With Hands & Arms Outstretched

She was standing on the side of the interstate, screaming, jumping up and down, as smoke poured from the car’s engine. There was a young man beside her, dialing on his cell phone frantically, and trying to calm the woman, but she continued to point at their car as she screamed. The car roiled in smoke. Flames could be seen through cracks in the car’s parts. The woman had her hands outstretched. She appeared as one pleading, petitioning.

In another location, I-85 headed north was locked down for nearly six miles. The vehicle (I was driving south), when I passed it, was overturned and burning. Then there were multiple vehicles behind it, having crashed into one another like dominoes of catastrophe. A Hispanic family stood adjacent to the state patrol cars, near the shoulder of the road. A platoon of children scurried nearby, bewildered. Several in the group had their hands outstretched–in exasperation or prayer, I cannot say which.

Maybe I’m imaging things, but there seems to be a significant increase in the volume and severity of automobile accidents recently. I’ve spent a lot of time on the interstates recently, going hither and yon. I was out of town today, too, but I got a friendly text from a peer with a message inviting me to join him and his family at their local church. I texted him back saying I was planning on being there.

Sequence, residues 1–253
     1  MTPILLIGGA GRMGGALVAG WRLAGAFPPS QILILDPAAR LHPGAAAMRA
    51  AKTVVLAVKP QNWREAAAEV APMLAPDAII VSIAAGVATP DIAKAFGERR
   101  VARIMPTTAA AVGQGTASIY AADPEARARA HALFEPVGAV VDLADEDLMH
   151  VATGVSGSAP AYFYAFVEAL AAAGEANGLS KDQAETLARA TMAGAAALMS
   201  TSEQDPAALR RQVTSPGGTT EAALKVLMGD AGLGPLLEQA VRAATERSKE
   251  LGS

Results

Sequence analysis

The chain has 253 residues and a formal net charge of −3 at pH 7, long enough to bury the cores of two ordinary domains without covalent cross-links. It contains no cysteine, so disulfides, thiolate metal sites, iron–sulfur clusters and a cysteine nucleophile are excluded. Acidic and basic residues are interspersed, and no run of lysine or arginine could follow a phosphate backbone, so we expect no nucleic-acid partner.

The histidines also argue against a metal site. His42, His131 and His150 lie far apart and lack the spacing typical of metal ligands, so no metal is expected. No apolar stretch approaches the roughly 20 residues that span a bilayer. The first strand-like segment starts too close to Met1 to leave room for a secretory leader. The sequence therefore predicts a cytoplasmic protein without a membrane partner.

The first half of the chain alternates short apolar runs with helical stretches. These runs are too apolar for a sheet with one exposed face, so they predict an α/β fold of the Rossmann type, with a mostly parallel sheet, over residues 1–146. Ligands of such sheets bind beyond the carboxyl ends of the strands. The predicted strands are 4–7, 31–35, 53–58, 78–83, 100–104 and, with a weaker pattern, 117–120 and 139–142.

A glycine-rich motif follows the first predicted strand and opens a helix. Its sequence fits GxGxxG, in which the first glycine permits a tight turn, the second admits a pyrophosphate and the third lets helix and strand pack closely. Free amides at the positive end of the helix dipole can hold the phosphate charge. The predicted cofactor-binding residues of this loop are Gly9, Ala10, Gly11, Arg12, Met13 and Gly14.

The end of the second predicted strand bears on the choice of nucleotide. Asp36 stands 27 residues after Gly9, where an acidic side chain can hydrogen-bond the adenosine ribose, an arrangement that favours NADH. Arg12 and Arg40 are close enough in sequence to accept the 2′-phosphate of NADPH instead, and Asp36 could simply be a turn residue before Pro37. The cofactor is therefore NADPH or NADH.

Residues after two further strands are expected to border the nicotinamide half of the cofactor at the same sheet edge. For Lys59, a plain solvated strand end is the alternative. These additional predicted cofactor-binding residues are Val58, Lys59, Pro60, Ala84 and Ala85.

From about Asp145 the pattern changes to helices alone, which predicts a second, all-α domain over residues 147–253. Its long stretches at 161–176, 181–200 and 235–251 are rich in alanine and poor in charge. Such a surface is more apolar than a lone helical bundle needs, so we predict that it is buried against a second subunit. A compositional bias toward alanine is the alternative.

When I pulled into the parking lot I was touched by the sheer beauty of the church’s architecture. I sat in my car for a moment, grabbed my Bible and journal from the passenger’s seat, and followed some others into the narthex. Greeters stood in the narthex, greeted all of us, offered us a bulletin containing the order of worship and liturgy.

I immediately felt a pull here. The structure of the church, the way you entered the nave, the way the musicians were off to the side, not on a stage like one might witness in a concert venue, the way the chancel was the focus of those gathered–it all moved me spiritually.

There was a prelude, a call to worship, Songs of Ascent, a greeting from the senior teacher-pastor, prayers of invocation, songs of praise, a baptism, a reading from the catechism and Scripture about what Christian baptism signifies, a time of individual and corporate confession of sin, more songs (of assurance, of God’s pardon, etc.).

I sat with my peer and his family about two-thirds of the way back in the nave. We sang. We sang together. The acoustics in the church were spectacular. I could hear the harmonies sung by members in the congregation. Sometimes I would just pause . . . and listen.

These guilty hands are raised, filthy rags are all I bring,

And I have come to hide beneath Your wings.

These holy hands are raised, washed in the fountain of Your grace,

And now I wear Your righteousness.

In front of me, a white-haired married couple sat near the front. They were probably in their eighties. I watched them both as we all sang. They raised their hands. We all continued to sing. The man rocked a bit in rhythm as we sang the chorus, which he obviously knew well. His wife had her hands outstretched as if she saw not darkly but in full. They were beautiful to behold as we beheld the God who has revealed Himself, the God who has visited His creation, and dwells among His people.

I have seen horrors this week on the nation’s roads–families weeping with their arms outstretched in exasperation, in cursing, in pleading, in petition. And I have seen saints with arms outstretched in praise, confession, in assurance of pardon, and in song. The God who is remains the same–unchanging, near to all who call on Him in truth.

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